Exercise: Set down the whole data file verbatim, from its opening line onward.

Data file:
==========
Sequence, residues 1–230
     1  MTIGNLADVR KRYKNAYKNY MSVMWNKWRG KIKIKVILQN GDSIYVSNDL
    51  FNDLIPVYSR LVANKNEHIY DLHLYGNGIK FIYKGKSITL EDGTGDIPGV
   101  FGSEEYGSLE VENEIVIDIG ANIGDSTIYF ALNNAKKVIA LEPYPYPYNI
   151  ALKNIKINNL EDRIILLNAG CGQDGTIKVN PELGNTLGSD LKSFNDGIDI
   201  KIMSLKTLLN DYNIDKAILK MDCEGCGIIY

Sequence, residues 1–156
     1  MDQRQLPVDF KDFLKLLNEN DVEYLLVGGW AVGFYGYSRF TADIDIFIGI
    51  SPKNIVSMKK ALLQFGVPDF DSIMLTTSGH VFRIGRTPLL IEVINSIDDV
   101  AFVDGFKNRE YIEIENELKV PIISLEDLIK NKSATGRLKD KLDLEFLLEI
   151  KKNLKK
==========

Sequence, residues 1–230
     1  MTIGNLADVR KRYKNAYKNY MSVMWNKWRG KIKIKVILQN GDSIYVSNDL
    51  FNDLIPVYSR LVANKNEHIY DLHLYGNGIK FIYKGKSITL EDGTGDIPGV
   101  FGSEEYGSLE VENEIVIDIG ANIGDSTIYF ALNNAKKVIA LEPYPYPYNI
   151  ALKNIKINNL EDRIILLNAG CGQDGTIKVN PELGNTLGSD LKSFNDGIDI
   201  KIMSLKTLLN DYNIDKAILK MDCEGCGIIY

Sequence, residues 1–156
     1  MDQRQLPVDF KDFLKLLNEN DVEYLLVGGW AVGFYGYSRF TADIDIFIGI
    51  SPKNIVSMKK ALLQFGVPDF DSIMLTTSGH VFRIGRTPLL IEVINSIDDV
   101  AFVDGFKNRE YIEIENELKV PIISLEDLIK NKSATGRLKD KLDLEFLLEI
   151  KKNLKK